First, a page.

“Le travail à l’œuvre”

Work, somewhere between emancipation and alienation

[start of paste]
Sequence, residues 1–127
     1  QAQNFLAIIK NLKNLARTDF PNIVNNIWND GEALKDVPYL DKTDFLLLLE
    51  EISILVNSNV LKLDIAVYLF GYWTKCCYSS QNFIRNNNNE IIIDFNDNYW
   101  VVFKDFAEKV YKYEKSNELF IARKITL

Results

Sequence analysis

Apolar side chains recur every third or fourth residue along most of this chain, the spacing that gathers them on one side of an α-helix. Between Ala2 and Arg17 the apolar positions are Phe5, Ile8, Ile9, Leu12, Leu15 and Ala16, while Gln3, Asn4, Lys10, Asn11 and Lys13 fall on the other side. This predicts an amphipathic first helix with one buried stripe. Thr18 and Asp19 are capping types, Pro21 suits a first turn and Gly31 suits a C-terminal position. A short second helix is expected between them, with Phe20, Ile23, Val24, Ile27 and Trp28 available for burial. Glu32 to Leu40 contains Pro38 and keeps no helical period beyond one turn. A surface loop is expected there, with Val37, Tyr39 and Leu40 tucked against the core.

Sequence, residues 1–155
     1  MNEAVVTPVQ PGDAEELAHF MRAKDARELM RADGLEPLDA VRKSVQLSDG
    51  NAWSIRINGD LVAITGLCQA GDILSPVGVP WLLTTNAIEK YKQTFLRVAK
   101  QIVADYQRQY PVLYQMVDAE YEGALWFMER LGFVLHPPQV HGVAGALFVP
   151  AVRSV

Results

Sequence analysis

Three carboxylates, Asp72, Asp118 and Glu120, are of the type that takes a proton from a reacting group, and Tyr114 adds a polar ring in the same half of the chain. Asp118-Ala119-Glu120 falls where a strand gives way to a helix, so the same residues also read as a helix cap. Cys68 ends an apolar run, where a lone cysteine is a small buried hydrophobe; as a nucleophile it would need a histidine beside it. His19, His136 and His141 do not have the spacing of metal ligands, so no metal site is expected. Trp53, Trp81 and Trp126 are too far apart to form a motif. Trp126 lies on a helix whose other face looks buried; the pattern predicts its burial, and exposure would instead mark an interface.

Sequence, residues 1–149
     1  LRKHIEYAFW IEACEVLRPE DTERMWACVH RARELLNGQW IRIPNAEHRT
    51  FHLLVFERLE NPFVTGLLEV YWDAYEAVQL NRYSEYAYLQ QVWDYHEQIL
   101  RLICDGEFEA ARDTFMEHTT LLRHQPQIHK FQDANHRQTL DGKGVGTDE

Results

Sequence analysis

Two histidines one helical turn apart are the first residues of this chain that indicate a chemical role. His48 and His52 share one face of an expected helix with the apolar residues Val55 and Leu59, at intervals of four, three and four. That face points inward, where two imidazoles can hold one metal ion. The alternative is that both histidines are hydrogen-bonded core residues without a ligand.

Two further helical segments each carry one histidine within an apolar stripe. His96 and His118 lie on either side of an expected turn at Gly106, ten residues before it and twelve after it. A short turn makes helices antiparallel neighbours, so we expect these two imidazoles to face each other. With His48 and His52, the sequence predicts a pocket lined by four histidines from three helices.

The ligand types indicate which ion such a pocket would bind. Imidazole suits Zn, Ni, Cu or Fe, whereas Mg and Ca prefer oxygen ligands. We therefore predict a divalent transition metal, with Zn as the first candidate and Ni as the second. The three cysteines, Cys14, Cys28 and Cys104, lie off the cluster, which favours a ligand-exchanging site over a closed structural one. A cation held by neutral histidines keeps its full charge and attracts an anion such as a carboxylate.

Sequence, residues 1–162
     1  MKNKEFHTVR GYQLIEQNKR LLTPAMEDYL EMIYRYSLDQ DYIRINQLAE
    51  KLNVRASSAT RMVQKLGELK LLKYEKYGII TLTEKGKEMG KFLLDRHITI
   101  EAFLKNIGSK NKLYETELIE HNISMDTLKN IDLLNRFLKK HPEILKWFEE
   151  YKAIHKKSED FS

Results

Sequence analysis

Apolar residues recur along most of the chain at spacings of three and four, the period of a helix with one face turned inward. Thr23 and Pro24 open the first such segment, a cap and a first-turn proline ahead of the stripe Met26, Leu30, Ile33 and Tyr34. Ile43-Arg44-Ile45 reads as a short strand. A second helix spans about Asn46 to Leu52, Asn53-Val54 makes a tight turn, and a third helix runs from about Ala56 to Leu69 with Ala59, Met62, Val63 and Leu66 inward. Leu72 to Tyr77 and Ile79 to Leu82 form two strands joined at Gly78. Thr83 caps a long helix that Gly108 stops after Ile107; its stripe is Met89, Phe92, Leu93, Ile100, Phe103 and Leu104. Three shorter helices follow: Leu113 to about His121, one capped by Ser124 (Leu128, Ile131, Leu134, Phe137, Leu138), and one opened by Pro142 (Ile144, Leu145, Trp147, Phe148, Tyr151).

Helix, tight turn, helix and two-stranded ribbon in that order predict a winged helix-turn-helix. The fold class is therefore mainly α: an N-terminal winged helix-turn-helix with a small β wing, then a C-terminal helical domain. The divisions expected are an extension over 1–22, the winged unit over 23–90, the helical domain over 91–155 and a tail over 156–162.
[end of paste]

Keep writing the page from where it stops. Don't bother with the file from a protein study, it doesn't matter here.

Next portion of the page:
At the back of the first exhibition room, a McDonald’s lies submerged by water. Upstairs, a poster retraces the evolution of anarchy in France. Classroom desks and benches are set out here and there. This summer, the FRAC Champagne-Ardenne is gathering artists around the notion of work… According to the Larousse dictionary, work is “human activity applied towards producing, creating or maintaining something”. Does artistic practice fall into this category? As he strolls around around a city, artist Francis Alÿs pushes a block of ice until it melts, allows a thread from his sweater to unravel until nothing is left of it, attracts metallic objects with the help of a magnet. His performances carried out in public space at the end of the 1990s bring, head to head, the action of doing something, and its result. “Sometimes, doing nothing amounts to doing something and doing something amounts to doing nothing,” he explains. Sometimes Making Something Leads to Nothing also reveals the apparent uselessness of certain acts, namely artistic ones, according to a production-driven perspective. Since the objective of artistic practice is not utility, some believe it to be futile. And unlike the case of French intermittents de spectacle (contract workers in the entertainment industry), artists’ thinking time – these pauses which interrupt active production, necessary in order for thought, ideas, and the artistic work to emerge – receive no economic recognition. The question of the artist’s status in society is also at the heart of Patricio Gil Flood’s reflections. Since 2012, the Argentinean has focused his research on work, namely the status of the worker-artist, a question that is as topical in his country of origin as in France. In his work Travailler moins pour lire plus, published in 2015, he gathers philosophical, sociological and artistic texts that oppose...

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